The sides of abyssal hills are fault escarpments (or scarps) created by vertical uplift of the seafloor during many events of fault slippage that produce frequent earthquakes. The scarps are cliffs that expose and provide access to the subseafloor, without the need for drilling, making it easier to tease out what is living at depth in oceanic crust. The fluids that emerge may come in bursts when earthquakes occur; fluid flow may therefore repeat episodically over hundreds of thousands of years as abyssal hills are uplifted and spread away from the mid-ocean ridge crest.

Haymon compared the subsurface microbes they found to those living in hot springs such as those at Yellowstone National Park.

Gail Gallessich | EurekAlert!
Further information:
http://www.ucsb.edu

All articles from Earth Sciences >>>

The most recent press releases about innovation >>>

Die letzten 5 Focus-News des innovations-reports im Überblick:

Im Focus: Fizzy soda water could be key to clean manufacture of flat wonder material: Graphene

Whether you call it effervescent, fizzy, or sparkling, carbonated water is making a comeback as a beverage. Aside from quenching thirst, researchers at the University of Illinois at Urbana-Champaign have discovered a new use for these "bubbly" concoctions that will have major impact on the manufacturer of the world's thinnest, flattest, and one most useful materials -- graphene.

As graphene's popularity grows as an advanced "wonder" material, the speed and quality at which it can be manufactured will be paramount. With that in mind,...

Im Focus: Exotic quantum states made from light: Physicists create optical “wells” for a super-photon

Physicists at the University of Bonn have managed to create optical hollows and more complex patterns into which the light of a Bose-Einstein condensate flows. The creation of such highly low-loss structures for light is a prerequisite for complex light circuits, such as for quantum information processing for a new generation of computers. The researchers are now presenting their results in the journal Nature Photonics.

Light particles (photons) occur as tiny, indivisible portions. Many thousands of these light portions can be merged to form a single super-photon if they are...

Im Focus: Circular RNA linked to brain function

For the first time, scientists have shown that circular RNA is linked to brain function. When a RNA molecule called Cdr1as was deleted from the genome of mice, the animals had problems filtering out unnecessary information – like patients suffering from neuropsychiatric disorders.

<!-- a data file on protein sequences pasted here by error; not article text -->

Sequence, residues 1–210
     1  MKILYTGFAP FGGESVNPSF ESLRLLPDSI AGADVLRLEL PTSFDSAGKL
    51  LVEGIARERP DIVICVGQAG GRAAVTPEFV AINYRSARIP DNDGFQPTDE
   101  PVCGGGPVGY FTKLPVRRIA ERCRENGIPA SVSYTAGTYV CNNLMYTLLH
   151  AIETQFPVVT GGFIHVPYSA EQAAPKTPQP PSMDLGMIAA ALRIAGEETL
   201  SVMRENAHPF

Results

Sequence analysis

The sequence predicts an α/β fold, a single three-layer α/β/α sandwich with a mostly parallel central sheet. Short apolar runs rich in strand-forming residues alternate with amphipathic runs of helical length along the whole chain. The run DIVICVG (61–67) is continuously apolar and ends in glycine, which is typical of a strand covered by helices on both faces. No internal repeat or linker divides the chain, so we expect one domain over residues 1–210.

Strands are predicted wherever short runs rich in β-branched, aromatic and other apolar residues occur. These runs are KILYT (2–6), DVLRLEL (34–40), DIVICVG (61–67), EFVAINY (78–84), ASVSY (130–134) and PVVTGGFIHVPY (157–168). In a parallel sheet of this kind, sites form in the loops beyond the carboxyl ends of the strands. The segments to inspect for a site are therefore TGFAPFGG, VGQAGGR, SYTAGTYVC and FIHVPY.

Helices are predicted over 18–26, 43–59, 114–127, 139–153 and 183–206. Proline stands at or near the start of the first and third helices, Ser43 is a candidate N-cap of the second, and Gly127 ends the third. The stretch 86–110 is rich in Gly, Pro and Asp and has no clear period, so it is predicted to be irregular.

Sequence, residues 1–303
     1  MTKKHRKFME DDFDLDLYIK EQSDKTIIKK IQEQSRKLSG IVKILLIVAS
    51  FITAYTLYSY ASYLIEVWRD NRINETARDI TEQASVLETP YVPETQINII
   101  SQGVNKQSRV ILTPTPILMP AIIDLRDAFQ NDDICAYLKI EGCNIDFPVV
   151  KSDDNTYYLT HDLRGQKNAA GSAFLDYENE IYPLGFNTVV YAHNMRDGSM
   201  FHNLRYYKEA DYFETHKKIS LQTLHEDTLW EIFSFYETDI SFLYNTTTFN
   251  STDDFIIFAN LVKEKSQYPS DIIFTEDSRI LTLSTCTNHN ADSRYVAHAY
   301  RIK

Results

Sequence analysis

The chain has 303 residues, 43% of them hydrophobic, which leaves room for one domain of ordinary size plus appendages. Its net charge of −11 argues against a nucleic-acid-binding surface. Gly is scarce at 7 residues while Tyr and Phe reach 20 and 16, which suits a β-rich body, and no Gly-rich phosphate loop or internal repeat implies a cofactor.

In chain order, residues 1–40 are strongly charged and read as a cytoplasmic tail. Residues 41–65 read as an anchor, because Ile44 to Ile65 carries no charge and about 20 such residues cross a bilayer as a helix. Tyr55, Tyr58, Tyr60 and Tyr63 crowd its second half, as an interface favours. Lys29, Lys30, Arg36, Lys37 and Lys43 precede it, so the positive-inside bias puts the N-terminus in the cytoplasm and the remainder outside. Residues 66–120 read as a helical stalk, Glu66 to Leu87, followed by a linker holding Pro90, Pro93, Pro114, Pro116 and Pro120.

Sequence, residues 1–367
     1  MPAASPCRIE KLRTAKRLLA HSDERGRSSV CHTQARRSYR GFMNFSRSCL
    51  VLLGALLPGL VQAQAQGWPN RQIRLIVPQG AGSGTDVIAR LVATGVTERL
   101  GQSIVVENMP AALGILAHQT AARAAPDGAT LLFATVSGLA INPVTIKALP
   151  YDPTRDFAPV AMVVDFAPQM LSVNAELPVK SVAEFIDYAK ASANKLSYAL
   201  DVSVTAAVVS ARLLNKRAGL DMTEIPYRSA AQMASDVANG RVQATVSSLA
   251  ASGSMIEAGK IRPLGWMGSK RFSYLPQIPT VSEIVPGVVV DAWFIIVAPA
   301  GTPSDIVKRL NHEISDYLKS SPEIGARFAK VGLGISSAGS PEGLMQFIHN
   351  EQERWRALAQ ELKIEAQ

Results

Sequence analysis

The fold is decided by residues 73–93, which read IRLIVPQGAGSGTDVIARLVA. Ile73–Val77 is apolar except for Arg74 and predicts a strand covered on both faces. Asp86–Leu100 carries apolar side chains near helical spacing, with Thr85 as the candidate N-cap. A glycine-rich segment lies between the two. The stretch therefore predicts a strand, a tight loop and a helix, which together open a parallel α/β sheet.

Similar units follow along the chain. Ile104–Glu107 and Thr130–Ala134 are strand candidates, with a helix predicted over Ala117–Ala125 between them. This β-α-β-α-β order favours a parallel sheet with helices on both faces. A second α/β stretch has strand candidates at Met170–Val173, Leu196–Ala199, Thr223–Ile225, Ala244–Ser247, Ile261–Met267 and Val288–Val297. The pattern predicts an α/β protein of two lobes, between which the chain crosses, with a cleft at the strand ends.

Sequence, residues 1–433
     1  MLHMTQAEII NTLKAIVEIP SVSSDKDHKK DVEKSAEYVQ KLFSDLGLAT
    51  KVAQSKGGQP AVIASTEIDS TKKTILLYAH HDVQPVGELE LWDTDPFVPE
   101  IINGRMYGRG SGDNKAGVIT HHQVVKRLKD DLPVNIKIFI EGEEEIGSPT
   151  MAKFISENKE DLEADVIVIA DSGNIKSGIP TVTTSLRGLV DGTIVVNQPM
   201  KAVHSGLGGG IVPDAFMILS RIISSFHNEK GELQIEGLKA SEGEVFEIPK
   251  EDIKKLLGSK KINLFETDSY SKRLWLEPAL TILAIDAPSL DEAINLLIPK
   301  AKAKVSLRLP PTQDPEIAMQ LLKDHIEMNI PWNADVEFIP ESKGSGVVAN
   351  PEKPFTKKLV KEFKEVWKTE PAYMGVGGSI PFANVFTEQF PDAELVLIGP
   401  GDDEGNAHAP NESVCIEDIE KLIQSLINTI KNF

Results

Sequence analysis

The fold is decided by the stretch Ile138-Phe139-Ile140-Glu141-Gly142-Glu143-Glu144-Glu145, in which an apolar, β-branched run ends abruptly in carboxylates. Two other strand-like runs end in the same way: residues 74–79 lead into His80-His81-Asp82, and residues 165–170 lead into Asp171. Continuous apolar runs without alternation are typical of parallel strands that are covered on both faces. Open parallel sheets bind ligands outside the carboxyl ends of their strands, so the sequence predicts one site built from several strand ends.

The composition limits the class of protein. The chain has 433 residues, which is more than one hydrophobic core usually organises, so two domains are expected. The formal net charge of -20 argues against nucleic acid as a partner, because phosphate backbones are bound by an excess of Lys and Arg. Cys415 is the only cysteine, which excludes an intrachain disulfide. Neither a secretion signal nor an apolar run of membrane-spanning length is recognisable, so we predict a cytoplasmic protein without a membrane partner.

While hundreds of circular RNAs (circRNAs) are abundant in mammalian brains, one big question has remained unanswered: What are they actually good for? In the...

Im Focus: RAVAN CubeSat measures Earth's outgoing energy

An experimental small satellite has successfully collected and delivered data on a key measurement for predicting changes in Earth's climate.

The Radiometer Assessment using Vertically Aligned Nanotubes (RAVAN) CubeSat was launched into low-Earth orbit on Nov. 11, 2016, in order to test new...

Im Focus: Scientists shine new light on the “other high temperature superconductor”

A study led by scientists of the Max Planck Institute for the Structure and Dynamics of Matter (MPSD) at the Center for Free-Electron Laser Science in Hamburg presents evidence of the coexistence of superconductivity and “charge-density-waves” in compounds of the poorly-studied family of bismuthates. This observation opens up new perspectives for a deeper understanding of the phenomenon of high-temperature superconductivity, a topic which is at the core of condensed matter research since more than 30 years. The paper by Nicoletti et al has been published in the PNAS.

Since the beginning of the 20th century, superconductivity had been observed in some metals at temperatures only a few degrees above the absolute zero (minus...

All Focus news of the innovation-report >>>

Anzeige

Anzeige

Event News

Call for Papers – ICNFT 2018, 5th International Conference on New Forming Technology

16.08.2017 | Event News

Sustainability is the business model of tomorrow

04.08.2017 | Event News

Clash of Realities 2017: Registration now open. International Conference at TH Köln

26.07.2017 | Event News

 
Latest News

Nagoya physicists resolve long-standing mystery of structure-less transition

21.08.2017 | Materials Sciences

Chronic stress induces fatal organ dysfunctions via a new neural circuit

21.08.2017 | Health and Medicine

Scientists from the MSU studied new liquid-crystalline photochrom

21.08.2017 | Materials Sciences

VideoLinks
B2B-VideoLinks
More VideoLinks >>>